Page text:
Wow! Has it been a while since I’ve sat down to write a book review (and recipe!), but here I am, and I’m excited. I hope you are too 🙂
I actually read Kevin Wilson’s Nothing to See Here last year. It was the first book I read after Henry was born, when I was transitioning into all e-books all the time (much easier one-handed and in the dark, with a sleeping baby), and the last book I read before 2020 showed up. I’ve apparently been a low-key Kevin Wilson fan for a while now — check out my review of Perfect Little World — and though I’ve enjoyed them all, this was by far my favorite.
His style is typically quirky, and this novel was no exception. It follows twenty-something Lillian, who feels like her life is going nowhere until her boarding school roommate Madison reaches out and asks her to move in and be a caretaker for her stepchildren. Knowing nothing about children, she agrees.
The children are twins, and in a surprising twist, have the uncanny trait of randomly catching on fire. To say Lillian is in over her head may be an understatement, but she takes to her new job with gusto. She builds a strong bond with the kids, and the three of them really grow to depend on each other.
Being a brand new mom, and also feeling in over my head, I related to Lillian fiercely. She did whatever she had to for those kids, even though she was usually figuring it out as she went along. Thankfully, I also found myself laughing out loud. I love books that make me laugh out loud (such a rarity!), and whenever I sat down with it, it whisked me away for however many moments I was able to get to read. It was the perfect post-baby book for me. If you’re in need of one, it would also be a wonderful quarantine book.
Beyond the obvious, another thing that got me excited to feature this as my first review-and-recipe post, was that it inspired me to make ice cream! My fave. Ice cream was a staple in Nothing to See Here. It’s a kid-loved treat, and those fiery twins were no exception.
In an ode to their fire starting abilities, I decided to make an ice cream that uses Red Hot candies as flavoring.
Fun fact: This was Henry’s first time participating in a blog recipe! He practiced tummy time on the floor while I made the ice cream base.
First, I whipped 1 cup of cream in a medium-sized bowl with 2 egg yolks. I set that aside and put half-and-half, the rest of the cream, and the red hots in a saucepan.
I cooked the mixture in the saucepan — which turned bright pink pretty quickly — until the red hots were melted into it. Then, I added the warm mixture into the bowl of cream and yolks, a quarter cup at a time, whisking constantly, until I had added about a cup and a half.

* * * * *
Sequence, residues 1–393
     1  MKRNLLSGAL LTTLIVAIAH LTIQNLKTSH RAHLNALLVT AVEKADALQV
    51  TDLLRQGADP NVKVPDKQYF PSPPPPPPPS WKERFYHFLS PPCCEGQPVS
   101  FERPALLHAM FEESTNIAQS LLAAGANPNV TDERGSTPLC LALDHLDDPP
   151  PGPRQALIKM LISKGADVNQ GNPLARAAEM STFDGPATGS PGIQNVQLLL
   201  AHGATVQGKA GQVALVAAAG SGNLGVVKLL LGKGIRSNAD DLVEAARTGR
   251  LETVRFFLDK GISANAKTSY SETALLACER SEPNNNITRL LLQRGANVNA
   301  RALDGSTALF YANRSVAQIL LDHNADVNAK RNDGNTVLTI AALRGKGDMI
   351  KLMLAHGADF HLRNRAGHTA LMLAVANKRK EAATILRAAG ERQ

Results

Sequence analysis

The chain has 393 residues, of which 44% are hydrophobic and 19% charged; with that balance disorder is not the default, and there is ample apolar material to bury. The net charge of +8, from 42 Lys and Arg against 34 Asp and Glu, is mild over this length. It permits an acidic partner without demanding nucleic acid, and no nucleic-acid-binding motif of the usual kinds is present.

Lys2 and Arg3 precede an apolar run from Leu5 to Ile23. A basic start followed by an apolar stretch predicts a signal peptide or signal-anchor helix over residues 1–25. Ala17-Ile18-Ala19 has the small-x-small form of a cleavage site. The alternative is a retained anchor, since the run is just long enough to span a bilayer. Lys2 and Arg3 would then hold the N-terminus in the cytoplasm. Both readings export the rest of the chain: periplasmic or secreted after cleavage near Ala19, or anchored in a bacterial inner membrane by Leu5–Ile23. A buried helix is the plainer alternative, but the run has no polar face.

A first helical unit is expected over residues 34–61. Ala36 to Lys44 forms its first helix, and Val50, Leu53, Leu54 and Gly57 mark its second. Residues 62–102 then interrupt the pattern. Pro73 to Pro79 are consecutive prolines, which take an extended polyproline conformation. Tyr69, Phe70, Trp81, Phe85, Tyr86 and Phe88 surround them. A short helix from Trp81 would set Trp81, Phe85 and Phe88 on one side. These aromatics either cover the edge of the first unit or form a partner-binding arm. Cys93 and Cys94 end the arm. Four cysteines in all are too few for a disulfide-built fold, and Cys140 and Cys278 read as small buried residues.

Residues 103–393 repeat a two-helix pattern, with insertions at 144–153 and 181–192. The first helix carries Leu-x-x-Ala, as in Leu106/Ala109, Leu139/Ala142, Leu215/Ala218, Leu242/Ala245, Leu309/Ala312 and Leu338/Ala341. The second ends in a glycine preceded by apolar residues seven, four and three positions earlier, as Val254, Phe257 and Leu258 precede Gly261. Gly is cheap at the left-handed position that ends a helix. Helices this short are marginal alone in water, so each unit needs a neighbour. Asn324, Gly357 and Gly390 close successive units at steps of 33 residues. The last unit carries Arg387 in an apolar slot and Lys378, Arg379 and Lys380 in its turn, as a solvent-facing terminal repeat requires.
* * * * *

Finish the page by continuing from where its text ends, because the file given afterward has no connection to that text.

I poured that mixture back into the saucepan and cooked until the ice cream base coated the back of a spoon, taking care not to let it boil, about 5 minutes. I strained that into a bowl to catch any bits of undissolved candies before letting it cool.
Once it was cooled and chilled in the fridge, I was able to make the ice cream. I got out my trusty ice cream maker, poured in the red hot base, and set it to do its thing.
After 20 minutes, it was done. I scooped it into an ice cream container and left it in the freezer to harden up a bit. I practiced my patience… and then several hours later, it was ready to try!
It was honestly better than I expected! You could definitely tell it was made with red hots — that flavor is very distinct — but it was less spicy than I thought it’d be, and it was super creamy. If you’re at all curious, I’d recommend trying it. I wonder what the twins would think?
Red Hot Cinnamon Ice CreamPrint Pin
- 2 cups heavy whipping cream divided
- 2 egg yolks
- 2 cups half and half
- 1 cup cinnamon red hot candies
- Whisk 1 cup cream and egg yolks together in a bowl until smooth.
- In increments of 1/4 cup, pour 1 cup red hot candies mixture into the cream-egg mixture; whisk until mixture is evenly combined. Pour cream-egg mixture into red hot candies mixture in the saucepan. Cook and stir until a film forms on the back of a spoon when dipped into the mixture, keeping just under a boil, about 5 minutes.
- Pour red hot candies mixture through a sieve into a bowl to collect any undissolved candies. Cover the bowl with a clean towel and cool to room temperature. Refrigerate until chilled, at least 1 hour.
- Pour red hot candies mixture into an ice cream maker and process according to manufacturers' instructions.
Any books you’d recommend for an escape? Let me know in the comments below!
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